Beginning Sounds Resources
To help students figure out how to pronounce the beginning sounds in each word, first review the alphabet. With the basics down, your students’ letter recognition skills will kick into gear and help them discern what sound to make when trying to say a new word. The following game and activity ideas from Education.com provide a fresh approach to learning that will keep it exciting for all.
Once most students have memorized their alphabet, they have already gotten the base understanding of the beginning or initial sounds of letters. As the alphabet was taught to them, they would say each letter, then a word that starts with that letter.
This is the beginning of them learning to read. Understanding the initial sound of words will begin to lay the foundation for the phonological-awareness
that they will need to sound out words as they move forward.
While most letters consist of one sound, all vowels and some consonants make more than one sound. Vowels all have a long and short sound. The long vowel sound is when the vowel makes the sound of its name. The short vowel sound is when the vowel makes the sound it’s most commonly known for. Some consonants even have two sounds; a hard and a soft sound. The soft consonant sound can be drawn out and is made using the tongue and the front of the mouth. Hard consonant sounds are more abrupt and are made in the back of the mouth. The consonants that have hard and soft sounds are:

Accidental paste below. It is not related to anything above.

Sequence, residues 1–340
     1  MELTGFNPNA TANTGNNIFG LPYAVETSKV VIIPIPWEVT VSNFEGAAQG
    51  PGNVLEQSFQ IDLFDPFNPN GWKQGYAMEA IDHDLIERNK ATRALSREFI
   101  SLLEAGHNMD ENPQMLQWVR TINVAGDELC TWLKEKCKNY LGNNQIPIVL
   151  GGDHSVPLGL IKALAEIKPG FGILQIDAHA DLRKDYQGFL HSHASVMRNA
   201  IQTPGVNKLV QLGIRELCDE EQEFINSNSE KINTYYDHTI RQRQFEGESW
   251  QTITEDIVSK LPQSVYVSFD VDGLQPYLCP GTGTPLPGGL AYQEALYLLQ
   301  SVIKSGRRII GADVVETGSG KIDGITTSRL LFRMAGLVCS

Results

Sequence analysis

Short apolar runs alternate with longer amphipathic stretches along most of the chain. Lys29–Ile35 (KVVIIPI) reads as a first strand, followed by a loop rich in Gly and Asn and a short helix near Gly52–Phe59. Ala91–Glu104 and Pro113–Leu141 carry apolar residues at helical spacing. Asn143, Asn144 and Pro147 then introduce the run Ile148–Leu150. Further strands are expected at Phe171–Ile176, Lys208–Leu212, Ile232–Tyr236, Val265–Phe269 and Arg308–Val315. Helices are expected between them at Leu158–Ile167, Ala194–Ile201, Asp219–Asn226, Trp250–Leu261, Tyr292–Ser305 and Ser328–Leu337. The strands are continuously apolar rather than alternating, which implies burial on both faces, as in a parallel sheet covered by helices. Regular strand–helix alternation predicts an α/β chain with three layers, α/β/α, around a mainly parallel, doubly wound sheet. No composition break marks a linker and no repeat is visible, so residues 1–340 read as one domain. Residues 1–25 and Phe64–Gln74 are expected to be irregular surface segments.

- C - Circle (soft), Castle (hard)
- G - Giraffe (soft), Ground (hard)
Early learners must also understand consonant and vowel digraphs as well as consonant blends. Digraphs are when two letters, when paired together, make a new sound. Blends, however, have two letters together where each sound is made. Practicing with some of the resources provided above by Education.com may help students identify these beginning sounds and lay the foundation for good phonological awareness.